4 mins

How to harness the potential of rural areas to m ake them suitable places for innovation opportunities?

Eugenio Giani

In her speech during the closing session of Rural Vision Week, Commissioner Elisa Ferreira predicted that a bright future awaits rural areas, stressing how the current health and economic crisis may open up new possibilities and opportunities if we are able to design a new vision for the future of rural areas.

The new 2021-2027 EU programming period has begun, carrying with it a great deal of expectation twinned with the acknowledgment of the many challenges ahead, especially for rural areas, particularly in the two 'met a-trends' of inequality and technological innovationidentified by the European Strategy and Policy Analysis System, which permeate all other trends and indeed all aspects of human life.

The Regional Government of Tuscany Region took the opportunity to put forward its viewpoints on the occasion of the consultation regarding the communication on a long-term vision for rural areas that the European Commission is due to adopt in the second half of 2021.

In Tuscany, we believe that policy tools allowing for innovative practices and solutions not only must have a special focus on those sectors that are vital for our rural territories and economies, but ? in order to be effective -primarily need to reach a socio-economic environment ready and prepared to exploit them to the full.

To do so, a twofold strategy has to be fostered:

We need to stop adopting compensatory approaches along the urban rural dichotomy and start seeing rural areas as places of opportunities beyond only agriculture. We should rather address their basic needs and exploit their full potential through place-sensitive, tailor-made policies able to leverage local assets, enable them to take advantage of globalisation trends and, ultimately, attract more people and investment.

We need to accompany the push for innovation that comes from the macro challenges covered by the European Green Deal and the Digital Europe programme, which have been further amplified by the pandemic.

"one of the most relevant tools to foster innovation in rural areas is the European Innovation Partnership for Agricultural Productivity and Sustainability"

Rural areas are places where innovation can flourish, but we must nurture it and provide the right tools and a level playing field in relation to other territories.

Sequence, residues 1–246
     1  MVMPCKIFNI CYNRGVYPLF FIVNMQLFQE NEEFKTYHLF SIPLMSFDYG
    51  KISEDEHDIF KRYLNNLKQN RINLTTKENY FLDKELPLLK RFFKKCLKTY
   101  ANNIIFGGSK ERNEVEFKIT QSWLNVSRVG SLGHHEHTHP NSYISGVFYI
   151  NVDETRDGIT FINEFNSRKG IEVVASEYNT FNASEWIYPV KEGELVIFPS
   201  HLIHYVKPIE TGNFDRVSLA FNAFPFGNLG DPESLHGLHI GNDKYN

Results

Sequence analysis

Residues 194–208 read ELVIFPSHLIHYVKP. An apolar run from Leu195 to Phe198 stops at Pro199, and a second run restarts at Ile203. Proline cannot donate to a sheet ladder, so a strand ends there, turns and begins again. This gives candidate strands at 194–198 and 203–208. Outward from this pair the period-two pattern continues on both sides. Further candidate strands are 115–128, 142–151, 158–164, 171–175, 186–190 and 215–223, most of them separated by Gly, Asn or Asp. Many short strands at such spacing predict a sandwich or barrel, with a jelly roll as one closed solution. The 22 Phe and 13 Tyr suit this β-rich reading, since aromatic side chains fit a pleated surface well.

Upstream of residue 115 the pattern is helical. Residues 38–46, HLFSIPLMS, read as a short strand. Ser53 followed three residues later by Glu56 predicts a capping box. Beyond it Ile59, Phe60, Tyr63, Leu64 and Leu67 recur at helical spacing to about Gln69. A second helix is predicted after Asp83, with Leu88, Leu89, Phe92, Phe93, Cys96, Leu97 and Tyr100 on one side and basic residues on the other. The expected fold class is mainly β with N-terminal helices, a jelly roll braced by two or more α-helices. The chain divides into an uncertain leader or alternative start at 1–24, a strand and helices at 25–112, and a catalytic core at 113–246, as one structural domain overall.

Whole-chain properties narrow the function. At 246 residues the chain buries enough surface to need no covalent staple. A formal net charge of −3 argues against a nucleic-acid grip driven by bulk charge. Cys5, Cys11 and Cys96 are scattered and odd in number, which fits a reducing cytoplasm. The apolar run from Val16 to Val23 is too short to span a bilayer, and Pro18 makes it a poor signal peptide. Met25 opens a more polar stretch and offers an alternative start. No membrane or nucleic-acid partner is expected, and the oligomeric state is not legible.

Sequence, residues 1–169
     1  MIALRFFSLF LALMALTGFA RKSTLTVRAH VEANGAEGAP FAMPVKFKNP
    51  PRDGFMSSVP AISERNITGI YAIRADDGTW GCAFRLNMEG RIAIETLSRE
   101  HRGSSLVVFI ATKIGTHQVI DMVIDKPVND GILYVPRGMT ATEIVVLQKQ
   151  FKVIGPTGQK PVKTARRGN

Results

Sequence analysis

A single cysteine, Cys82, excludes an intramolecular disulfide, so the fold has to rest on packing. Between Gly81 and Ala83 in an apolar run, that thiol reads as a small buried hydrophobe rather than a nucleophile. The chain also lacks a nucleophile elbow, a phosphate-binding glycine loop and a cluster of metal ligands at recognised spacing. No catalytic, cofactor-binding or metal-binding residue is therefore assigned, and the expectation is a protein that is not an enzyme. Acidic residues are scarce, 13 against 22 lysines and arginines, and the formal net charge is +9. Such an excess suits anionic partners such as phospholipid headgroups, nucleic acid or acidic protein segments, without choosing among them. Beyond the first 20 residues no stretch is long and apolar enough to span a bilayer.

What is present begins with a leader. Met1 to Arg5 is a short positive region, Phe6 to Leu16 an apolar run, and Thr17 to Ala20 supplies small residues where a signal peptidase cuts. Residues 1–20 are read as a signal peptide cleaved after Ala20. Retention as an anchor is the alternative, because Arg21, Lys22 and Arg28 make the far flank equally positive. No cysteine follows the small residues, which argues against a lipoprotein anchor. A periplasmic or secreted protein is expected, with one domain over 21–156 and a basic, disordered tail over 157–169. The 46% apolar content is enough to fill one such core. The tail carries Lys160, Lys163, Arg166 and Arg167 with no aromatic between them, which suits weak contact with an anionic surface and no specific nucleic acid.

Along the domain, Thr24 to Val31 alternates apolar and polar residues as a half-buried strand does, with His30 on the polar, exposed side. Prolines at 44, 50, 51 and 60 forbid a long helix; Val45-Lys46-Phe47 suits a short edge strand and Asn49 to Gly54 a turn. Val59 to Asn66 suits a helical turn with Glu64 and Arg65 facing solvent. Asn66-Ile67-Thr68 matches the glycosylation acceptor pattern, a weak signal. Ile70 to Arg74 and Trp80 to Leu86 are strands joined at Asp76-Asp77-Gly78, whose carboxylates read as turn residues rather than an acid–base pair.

One of our first concerns is to make sure that new digital services can be easily available, ensuring that broadband infrastructures cover all areas where there are currently weaknesses.

As demonstrated by the pandemic, availability of material and immaterial endowments is essential, but often not sufficient. Other elements creating room for experimenting, and removing the isolation that may affect rural communities can help rural areas to be more attractive and rural communities to become active innovation agents.

The EU offers several new and consolidated opportunities and tools to foster innovation potential and for better connecting rural communities, such as enabling local innovators to get together and find peers, knowledge and opportunities outside their traditional innovation ecosystem.

For example, one of the most relevant tools to foster innovation in rural areas and help rural communities to support their innovators is the European Innovation Partnership for Agricultural Productivity and Sustainability  but new tools are taking shape such as Horizon Europe partnerships the European Innovation Council and Digital Europe.

At the same time, in order to break down silos and raise the innovation potential of rural communities, it is of paramount importance to support a broader adoption of public-private partnerships to create new synergies among sectors and more investments in education, training, social services and security. Valid initiatives adopting a multisectoral approach in different areas that are worth continued promotion are Smart Villages, Digital Innovation Hubs, LEADER initiatives, bioeconomy strategies and Living Labs, just to name a few.

"Tuscany Region since 2012 has engaged with enlarging the discussion around innovation in rural areas outside the regional borders. We created an informal platform the network of European Regions for Innovation in Agriculture, Food and Forestry (ERIAFF)  where regional and local authorities can discuss and make synergies to help their territories to collaborate and circulate innovative ideas. Today, we have more than 80 partners."

Building on the experience gained from participation in the ERIAFF network, in 2016 Tuscany promoted the S3 High Tech Farming Partnership with the aim of reinforcing inter-regional cooperation among regional innovation ecosystems that are harnessing the potential offered by their Research and Innovation Strategies for Smart Specialisation to specifically target the farming sector.

"Rural areas are places where innovation can flourish, but we must nurture it and provide the right tools and a level playing field in relation to other territories."

These initiatives are intended to ensure that proactive public policies are in place to ease the flow of ideas and break down sectoral and territorial barriers, enabling the many innovators that are already developing solutions and entrepreneurial activities to bring more benefits to rural areas.

In that respect, the main suggestion from the perspective of a public administrator is to make sure that national, regional and local authorities take advantage of already existing initiatives and experiences, identifying EU champions that may help or inspire local innovators and forerunners in making the difference, and helping our long-term vision for rural areas to become a reality.

Eugenio Gianni is President of the Tuscany Region

This article appears in Rural areas: an eye to the future

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